I grew up in a home that was riddled with domestic trauma–verbal, emotional, physical, sexual abuse. Everyday life would unfold around common family activities, and I never knew when the next implosion would come but always tried to anticipate and escape it. Hypervigilent, I faced my daily life in a climate of fear and dread. My parents were ill-equipped to cope with their own experiences and emotional material; they could scarcely manage to rear their four children.


At some point in my teens, I entertained the notion that, if “God” is Love, then Love is “God”. A stream of scenarios occurred to me as I pondered and tested this theory. And I arrived at the supposition that, if I can live from a place of Love, I can align my motivations, outlook, and behavior in accordance with the Universe, and the principles of justice and compassion.


Presently, my view of the “Most High Source” has evolved; it is more complex and less anthropomorphized. But my earlier realization that Love is “God” allowed me to establish an ideal: If I love and love well, then I will fulfill my humanity. The legacy that my parents imparted threatened to skew my perspective and compromise my heart. Yet I learned by doing the opposite of the examples that my parents set. This fact saddens me sometimes, but it proved an excellent strategy for avoiding the perpetuation of a damaging legacy.


I naturally connected with Love because I yearned for it. And I knew, as the Beatles professed in their song, The End, that “the Love we take is equal to the Love we make”. My early experience further taught me that Love, if it is true, must be free and not bargained; otherwise, it is not Love. Later, I heeded the advice that, “when at a crossroads, choose the path toward Love”.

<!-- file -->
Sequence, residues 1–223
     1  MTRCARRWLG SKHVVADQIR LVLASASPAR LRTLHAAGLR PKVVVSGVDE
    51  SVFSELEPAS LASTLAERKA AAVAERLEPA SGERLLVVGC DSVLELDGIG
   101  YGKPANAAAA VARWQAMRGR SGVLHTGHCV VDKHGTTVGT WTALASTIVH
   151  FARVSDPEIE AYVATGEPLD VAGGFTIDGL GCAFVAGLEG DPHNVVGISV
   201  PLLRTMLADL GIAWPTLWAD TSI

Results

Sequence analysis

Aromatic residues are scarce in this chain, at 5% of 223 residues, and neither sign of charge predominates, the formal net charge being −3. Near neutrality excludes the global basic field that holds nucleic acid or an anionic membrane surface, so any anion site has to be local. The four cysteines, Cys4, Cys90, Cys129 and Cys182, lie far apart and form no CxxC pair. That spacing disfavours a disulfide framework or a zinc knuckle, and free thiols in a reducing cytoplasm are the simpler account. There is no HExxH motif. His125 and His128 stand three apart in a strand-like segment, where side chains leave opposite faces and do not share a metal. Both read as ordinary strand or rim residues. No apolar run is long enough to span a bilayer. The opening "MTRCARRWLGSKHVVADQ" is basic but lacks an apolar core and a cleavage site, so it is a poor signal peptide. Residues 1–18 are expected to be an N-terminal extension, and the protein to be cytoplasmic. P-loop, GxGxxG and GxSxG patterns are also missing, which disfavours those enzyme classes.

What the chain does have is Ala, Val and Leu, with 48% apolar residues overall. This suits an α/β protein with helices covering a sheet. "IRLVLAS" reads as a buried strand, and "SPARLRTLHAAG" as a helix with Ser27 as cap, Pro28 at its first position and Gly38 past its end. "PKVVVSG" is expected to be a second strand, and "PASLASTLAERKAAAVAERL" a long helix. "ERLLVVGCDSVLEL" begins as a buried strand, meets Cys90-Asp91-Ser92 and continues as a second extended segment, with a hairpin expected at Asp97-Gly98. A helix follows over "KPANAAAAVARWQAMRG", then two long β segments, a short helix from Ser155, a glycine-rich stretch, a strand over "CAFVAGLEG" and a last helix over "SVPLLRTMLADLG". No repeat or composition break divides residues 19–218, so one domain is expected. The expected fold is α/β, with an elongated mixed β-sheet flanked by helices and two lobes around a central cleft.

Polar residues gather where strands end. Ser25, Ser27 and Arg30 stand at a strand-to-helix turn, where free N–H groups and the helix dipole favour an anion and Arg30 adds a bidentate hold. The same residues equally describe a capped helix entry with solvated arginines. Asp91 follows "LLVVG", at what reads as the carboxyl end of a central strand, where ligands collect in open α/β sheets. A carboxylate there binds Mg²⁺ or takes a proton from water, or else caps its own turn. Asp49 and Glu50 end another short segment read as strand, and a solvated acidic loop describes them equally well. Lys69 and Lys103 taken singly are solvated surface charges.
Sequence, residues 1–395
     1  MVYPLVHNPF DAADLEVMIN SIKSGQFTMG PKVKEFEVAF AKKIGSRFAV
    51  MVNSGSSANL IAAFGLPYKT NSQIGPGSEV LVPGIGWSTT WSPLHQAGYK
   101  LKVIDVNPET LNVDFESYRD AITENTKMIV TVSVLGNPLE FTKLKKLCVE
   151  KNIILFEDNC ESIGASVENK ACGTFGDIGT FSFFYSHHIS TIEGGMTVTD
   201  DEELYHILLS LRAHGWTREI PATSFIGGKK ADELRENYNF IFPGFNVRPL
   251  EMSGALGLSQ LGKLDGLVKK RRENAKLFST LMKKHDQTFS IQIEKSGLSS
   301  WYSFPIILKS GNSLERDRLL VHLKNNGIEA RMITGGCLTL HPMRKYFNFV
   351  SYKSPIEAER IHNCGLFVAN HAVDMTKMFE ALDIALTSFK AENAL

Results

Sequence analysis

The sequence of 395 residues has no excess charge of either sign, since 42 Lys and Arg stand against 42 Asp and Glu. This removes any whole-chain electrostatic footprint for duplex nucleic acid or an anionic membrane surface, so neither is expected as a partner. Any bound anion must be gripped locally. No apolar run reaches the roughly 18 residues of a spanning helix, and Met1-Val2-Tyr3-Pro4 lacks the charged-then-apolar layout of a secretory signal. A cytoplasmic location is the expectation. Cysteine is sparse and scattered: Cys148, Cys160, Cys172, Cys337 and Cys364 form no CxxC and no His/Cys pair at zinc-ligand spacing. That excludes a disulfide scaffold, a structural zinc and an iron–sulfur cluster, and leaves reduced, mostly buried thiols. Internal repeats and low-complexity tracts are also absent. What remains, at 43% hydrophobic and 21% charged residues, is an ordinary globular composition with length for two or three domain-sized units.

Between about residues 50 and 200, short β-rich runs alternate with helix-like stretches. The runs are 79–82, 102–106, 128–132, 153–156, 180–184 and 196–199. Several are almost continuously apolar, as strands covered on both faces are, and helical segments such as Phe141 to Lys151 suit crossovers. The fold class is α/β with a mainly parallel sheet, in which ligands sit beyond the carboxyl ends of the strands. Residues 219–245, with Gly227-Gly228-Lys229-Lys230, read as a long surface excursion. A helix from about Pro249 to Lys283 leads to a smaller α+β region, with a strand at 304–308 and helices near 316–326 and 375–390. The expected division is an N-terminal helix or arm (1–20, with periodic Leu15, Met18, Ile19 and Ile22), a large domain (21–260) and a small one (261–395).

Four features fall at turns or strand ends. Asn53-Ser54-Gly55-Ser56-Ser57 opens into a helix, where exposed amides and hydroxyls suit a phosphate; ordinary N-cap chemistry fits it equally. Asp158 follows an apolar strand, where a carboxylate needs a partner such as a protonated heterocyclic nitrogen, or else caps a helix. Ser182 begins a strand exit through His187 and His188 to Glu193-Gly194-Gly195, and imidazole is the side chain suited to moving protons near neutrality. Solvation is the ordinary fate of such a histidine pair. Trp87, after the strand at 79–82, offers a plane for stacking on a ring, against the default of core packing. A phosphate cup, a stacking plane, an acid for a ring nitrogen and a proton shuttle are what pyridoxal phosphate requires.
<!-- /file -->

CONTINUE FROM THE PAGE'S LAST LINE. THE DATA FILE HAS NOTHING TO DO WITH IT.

Paying attention to examples of Love in the wide world, I nurtured and preserved myself by focusing on examples that affirmed my learning. Kahlil Gibran’s chapter on Love in The Prophet provided an exquisite jumping off point for meditations on Love early in my life. I have indeed loved. In addition, others have loved me, and my heart has received their gifts. I beat the odds of an upbringing that could have led me to imitate “God”-forsaken examples of human behavior by, instead, attending to the yearnings of my heart and by offering Love as an exercise of good will. I won the lottery in my meditations on Love.


If you desire a way to readily foster Love within yourself and for others, please Contact me, Vanessa Landau, Resiliency Trainer, for Co-Creative Transformation–Resiliency Coaching–and I will guide you in making attitudinal and behavioral changes for the better.

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